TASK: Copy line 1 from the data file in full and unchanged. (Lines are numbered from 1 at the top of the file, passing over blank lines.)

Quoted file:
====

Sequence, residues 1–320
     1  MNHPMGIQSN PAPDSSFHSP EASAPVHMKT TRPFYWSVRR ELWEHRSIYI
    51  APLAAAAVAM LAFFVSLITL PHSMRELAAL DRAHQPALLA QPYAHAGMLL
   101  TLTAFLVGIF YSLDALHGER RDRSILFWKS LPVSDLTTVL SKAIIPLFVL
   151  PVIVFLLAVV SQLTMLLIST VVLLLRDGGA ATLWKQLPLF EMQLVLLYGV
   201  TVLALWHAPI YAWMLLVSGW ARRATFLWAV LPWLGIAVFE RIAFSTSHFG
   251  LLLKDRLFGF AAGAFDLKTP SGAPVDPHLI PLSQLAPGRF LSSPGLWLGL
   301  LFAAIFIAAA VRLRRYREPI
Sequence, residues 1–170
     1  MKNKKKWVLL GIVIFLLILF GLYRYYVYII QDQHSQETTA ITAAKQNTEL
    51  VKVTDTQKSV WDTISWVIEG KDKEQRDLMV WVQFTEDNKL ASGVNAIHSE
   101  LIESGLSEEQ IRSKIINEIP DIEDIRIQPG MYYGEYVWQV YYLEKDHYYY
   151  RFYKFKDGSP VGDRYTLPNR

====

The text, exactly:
Sequence, residues 1–320